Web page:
The Amrit Bharat Stations Scheme (ABSS) is set to rebuild and renew more than 1,000 train stations across India, according to Prime Minister Narendra Modi, in a nationwide programme worth nearly Rs250bn ($3bn).
Although the plan was announced by the national Ministry of Railways earlier in the year, Modi’s speech (delivered by video link) at the ceremony to mark the beginning of work on 13 stations in the New Delhi National Capital Region caught widespread attention across India.
The full redevelopment of Indian Railways (IR) stations across 27 states and regions will cost Rs244.7bn. While the ABSS plan will cover 1,309 stations, the Economic Times of India notes that the 3.5-billion passenger network consists of more than 7,000 stations and 13,000 daily train services.
The plan is to update the stations with modern passenger amenities including intermodal network connections.
Many stations will also be designed with the local areas and history in mind. The Jaipur Railway Station will feature elements resembling the Hawa Mahal and Amer Fort from Rajasthan, for instance, according to IR plans.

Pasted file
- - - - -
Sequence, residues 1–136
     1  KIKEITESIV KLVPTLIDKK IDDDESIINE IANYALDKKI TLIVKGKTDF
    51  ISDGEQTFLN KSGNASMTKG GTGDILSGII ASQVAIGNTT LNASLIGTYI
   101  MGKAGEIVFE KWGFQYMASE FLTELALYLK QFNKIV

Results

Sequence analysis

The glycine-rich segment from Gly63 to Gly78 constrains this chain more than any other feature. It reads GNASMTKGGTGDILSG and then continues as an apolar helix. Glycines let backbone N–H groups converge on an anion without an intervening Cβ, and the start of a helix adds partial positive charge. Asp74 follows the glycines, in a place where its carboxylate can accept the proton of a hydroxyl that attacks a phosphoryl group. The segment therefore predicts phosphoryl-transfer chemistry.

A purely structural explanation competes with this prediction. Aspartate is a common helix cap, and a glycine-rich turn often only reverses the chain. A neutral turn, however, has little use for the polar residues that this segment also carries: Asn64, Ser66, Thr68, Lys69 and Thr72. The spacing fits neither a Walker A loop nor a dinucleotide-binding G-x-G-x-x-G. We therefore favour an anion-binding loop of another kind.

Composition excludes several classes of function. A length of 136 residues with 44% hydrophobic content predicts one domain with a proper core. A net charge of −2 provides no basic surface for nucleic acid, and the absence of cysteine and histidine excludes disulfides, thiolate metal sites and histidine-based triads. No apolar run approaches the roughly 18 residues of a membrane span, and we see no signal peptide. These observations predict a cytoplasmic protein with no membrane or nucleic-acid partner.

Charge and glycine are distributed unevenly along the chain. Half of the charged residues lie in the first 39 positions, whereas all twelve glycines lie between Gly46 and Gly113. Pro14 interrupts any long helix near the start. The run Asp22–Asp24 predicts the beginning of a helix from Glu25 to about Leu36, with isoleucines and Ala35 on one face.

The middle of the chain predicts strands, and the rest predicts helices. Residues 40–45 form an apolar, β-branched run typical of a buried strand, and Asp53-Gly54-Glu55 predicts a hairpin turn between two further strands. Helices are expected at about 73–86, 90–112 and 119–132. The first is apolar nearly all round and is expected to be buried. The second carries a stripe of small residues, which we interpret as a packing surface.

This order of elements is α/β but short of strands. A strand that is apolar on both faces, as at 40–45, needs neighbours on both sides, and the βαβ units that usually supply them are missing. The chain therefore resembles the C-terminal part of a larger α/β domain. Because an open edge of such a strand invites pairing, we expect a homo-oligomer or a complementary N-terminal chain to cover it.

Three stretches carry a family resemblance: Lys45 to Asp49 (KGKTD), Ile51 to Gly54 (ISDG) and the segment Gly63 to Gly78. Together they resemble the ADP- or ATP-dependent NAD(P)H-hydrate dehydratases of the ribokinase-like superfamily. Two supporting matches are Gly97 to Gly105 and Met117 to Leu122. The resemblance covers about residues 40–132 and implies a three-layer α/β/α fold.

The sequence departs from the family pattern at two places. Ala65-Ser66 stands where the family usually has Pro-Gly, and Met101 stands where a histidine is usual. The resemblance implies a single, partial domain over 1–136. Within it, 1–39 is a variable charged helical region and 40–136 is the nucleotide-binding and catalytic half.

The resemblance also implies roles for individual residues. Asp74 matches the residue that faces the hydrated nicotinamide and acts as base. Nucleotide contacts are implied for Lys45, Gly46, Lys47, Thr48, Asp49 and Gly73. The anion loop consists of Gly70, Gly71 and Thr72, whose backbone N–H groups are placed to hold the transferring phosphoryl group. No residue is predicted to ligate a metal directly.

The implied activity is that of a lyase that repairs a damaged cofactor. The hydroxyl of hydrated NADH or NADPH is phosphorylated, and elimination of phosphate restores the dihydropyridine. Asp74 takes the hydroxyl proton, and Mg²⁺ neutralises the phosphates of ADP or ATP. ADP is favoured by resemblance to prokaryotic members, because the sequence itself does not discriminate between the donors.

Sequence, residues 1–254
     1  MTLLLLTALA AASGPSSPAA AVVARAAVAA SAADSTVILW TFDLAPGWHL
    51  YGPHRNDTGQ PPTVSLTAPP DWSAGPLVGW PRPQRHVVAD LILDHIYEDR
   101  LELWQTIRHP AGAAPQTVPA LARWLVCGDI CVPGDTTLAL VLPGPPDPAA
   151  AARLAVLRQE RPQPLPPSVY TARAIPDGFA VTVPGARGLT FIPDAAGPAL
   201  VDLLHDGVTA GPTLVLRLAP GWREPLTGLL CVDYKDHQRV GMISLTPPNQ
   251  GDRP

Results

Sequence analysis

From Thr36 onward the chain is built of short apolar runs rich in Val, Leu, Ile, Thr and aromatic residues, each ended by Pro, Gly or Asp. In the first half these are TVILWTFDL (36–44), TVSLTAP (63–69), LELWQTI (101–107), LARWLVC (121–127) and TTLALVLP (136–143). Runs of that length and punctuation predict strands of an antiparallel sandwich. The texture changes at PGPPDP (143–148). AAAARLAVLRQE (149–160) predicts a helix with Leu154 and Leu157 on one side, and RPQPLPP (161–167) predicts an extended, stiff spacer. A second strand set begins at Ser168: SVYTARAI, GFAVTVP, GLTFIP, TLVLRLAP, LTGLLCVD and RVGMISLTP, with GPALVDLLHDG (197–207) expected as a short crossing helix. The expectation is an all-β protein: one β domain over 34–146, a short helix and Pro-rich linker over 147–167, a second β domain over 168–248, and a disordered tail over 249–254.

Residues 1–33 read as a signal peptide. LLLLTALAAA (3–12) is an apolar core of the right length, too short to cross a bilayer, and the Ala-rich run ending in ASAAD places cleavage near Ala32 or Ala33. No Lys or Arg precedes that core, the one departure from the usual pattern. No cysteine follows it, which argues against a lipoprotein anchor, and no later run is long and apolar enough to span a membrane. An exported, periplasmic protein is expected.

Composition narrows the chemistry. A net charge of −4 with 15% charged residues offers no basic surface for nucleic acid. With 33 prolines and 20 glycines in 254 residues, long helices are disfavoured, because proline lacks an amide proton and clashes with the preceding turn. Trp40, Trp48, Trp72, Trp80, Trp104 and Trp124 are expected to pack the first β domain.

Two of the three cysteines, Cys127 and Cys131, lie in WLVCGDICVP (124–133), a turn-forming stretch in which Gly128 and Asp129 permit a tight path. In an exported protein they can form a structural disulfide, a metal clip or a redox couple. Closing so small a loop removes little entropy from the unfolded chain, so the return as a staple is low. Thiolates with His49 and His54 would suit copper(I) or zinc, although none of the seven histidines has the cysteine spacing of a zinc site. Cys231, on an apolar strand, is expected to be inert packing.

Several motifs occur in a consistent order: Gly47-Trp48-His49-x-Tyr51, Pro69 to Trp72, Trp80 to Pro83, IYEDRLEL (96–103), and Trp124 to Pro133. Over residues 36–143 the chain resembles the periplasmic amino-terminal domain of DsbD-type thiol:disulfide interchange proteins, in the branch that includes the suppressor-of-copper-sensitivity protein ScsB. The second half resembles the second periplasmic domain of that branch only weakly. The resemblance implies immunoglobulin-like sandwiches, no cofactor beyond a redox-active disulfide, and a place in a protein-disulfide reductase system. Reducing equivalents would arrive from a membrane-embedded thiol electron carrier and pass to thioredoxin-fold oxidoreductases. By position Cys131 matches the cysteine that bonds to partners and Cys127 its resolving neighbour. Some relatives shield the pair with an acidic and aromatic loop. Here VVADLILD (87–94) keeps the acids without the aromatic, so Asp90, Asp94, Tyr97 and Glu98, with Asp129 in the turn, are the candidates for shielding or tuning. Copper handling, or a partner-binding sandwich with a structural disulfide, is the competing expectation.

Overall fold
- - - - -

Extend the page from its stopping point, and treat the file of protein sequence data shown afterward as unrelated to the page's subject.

However, the main aim of the plan is to properly modernise both passenger facilities and operational facilities across the network.
Waiting rooms, wi-fi and sufficient toilet space are high on IR’ list of priorities. Net zero is also on the horizon, so the station upgrades will be built with the environment and low-emission aims in mind.
Upgrades will also feature on the operational side, with many platforms being extended to an average length of 600m.
The Indian railway network is one of the largest and oldest in operation globally. IR is the second-largest system managed by a single entity around the world, and with169 years of service, it is among the longest-serving, coming just two years after the first Moscow–St Petersburg line in Russia and a year after Africa’s first line in Alexandria, Egypt.